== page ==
Named “The Number One House DJ in the World” in DJ Magazine‘s 2006 Top 100 DJs Poll, DJ Dan will be spinning his notorious style of house to local music lovers and party devotees at State Street hot-spot Tonic on Thursday, September 27.
Dan began his career in the pre-early days of what we now know as “house music” some 16 years ago, spinning his way through the Los Angeles rave scene as he developed his own music gyration. These days, the sound DJ Dan’s been spinning for the last couple years – which he describes coyly as “Electro Crunk” – is currently inspired by British DJ Carl Cox, British duo Coburn, and the one and only Prince. For DJ’s, a fan base is created at the heart of the party, the beat that keeps the night moving and dance floors cracking. For Dan, it has been said that his consistency and ability to play to the party has helped to work him into worldwide limelight. In between traveling the globe this week, Dan chatted with me about how it all started, where house music is now, and where the genre is headed.
The road to stardom began in Olympia, WA, where DJ Dan grew up. “My love of music surfaced early as a kid. I also became fascinated with the mixing of different sounds,” Dan said. Beyond banging pots and pans around the house, music it seemed began to churn. At his first rave in the early 90s, Dan was besotted and soon after moved to California to saturate himself in the rave scene that so fascinated him.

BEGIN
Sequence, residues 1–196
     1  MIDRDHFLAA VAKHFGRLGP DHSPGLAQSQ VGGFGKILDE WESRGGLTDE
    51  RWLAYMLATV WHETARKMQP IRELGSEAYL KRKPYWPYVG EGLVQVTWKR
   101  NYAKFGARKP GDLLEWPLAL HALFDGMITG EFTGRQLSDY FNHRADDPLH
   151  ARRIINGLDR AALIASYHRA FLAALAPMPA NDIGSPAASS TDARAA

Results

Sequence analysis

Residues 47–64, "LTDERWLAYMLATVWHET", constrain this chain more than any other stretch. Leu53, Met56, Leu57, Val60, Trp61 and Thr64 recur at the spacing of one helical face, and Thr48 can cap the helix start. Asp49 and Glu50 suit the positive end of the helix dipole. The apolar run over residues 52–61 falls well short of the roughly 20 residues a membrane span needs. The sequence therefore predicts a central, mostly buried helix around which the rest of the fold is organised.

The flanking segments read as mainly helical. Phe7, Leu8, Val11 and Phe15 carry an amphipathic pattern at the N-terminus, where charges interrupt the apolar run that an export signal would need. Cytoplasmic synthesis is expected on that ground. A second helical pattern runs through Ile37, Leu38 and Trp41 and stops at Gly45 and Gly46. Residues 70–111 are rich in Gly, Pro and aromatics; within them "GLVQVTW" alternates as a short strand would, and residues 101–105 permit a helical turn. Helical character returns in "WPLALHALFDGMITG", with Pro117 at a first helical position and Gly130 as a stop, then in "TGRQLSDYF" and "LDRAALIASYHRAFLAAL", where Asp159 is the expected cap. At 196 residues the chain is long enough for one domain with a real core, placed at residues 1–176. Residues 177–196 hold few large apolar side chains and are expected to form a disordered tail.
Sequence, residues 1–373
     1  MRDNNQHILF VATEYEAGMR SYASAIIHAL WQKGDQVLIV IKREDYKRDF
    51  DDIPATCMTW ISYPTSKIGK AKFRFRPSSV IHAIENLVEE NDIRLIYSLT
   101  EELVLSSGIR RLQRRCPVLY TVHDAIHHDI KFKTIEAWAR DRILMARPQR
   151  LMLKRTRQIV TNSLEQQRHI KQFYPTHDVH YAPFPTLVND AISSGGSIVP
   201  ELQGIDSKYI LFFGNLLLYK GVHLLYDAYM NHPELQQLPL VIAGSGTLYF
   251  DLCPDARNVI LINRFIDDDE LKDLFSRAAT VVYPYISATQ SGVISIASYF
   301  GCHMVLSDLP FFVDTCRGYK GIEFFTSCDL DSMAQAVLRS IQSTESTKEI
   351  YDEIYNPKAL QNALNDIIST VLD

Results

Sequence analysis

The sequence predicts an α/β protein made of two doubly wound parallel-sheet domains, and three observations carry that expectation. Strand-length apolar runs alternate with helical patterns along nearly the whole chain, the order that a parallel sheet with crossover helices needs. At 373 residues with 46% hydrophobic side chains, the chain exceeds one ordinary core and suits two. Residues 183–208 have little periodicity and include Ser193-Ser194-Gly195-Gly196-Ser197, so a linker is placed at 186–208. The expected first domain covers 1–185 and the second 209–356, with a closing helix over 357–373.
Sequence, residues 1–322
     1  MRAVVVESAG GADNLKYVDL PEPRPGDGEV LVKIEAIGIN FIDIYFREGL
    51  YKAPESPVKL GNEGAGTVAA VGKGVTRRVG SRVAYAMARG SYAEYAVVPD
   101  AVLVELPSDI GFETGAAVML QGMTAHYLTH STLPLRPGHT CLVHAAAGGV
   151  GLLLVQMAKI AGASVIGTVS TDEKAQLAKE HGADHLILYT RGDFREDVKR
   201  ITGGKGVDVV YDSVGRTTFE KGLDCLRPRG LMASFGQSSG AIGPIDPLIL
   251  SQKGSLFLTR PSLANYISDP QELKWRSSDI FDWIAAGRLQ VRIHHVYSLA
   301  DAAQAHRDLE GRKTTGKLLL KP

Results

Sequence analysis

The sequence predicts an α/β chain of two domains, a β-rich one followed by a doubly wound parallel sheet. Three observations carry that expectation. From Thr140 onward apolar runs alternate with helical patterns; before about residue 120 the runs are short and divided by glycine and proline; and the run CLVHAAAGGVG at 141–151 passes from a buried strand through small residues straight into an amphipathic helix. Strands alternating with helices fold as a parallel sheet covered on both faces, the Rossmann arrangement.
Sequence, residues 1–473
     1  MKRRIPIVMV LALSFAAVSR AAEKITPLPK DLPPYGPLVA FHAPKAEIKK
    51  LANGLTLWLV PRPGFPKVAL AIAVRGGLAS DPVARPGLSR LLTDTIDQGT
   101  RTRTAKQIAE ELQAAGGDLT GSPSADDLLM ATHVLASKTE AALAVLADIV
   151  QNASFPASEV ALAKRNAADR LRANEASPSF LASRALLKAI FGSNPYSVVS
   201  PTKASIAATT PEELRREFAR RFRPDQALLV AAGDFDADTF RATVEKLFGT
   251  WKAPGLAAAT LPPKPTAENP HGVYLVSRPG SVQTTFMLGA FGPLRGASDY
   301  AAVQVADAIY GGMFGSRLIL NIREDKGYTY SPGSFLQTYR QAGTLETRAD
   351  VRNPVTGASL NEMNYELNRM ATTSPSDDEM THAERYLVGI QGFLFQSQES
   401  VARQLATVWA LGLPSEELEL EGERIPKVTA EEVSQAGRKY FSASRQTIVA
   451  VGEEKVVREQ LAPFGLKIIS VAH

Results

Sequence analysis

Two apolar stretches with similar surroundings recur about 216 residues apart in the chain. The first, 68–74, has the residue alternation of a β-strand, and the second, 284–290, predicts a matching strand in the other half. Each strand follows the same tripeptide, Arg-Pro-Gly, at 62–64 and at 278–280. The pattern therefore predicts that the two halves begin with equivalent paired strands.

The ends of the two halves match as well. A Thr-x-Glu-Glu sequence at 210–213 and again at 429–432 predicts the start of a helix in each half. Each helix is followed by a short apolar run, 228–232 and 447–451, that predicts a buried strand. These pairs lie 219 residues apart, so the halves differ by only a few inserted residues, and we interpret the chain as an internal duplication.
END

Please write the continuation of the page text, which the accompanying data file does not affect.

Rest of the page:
In between the 16 years of party spinning and rave ripping, Dan recorded mixes that have famously appeared throughout mainstream media. From the Pussycat Dolls infamous performance mixes to his update of Yoko Ono’s “Give Peace a Chance,” DJ Dan’s talents are widely recognizable as smart and inventive.
Interestingly enough, Dan keeps the clubs rocking with truly “old school” techniques-he uses CDs and is just starting to learn Serato, a scratch mp3 software program that most rookie DJ’s are all too familiar with. With technology rapidly changing the DJ industry, music has evolved with and without him. When asked about the future of music, the worldly mix master appears hopeful for a more ‘electro crunky’ beat: “Here in the US, I think that house music will start to incorporate more rap vocals, as well as staying cutting edge with the current electro sound. But overseas it seems that the glitchy, techy, electro sound seems to be very cutting edge.”
Put your party pants on and get crunky at with DJ Dan on Thursday, September 27 at Tonic Nightclub, 634 State Street. Call 897-1800 for tables and information.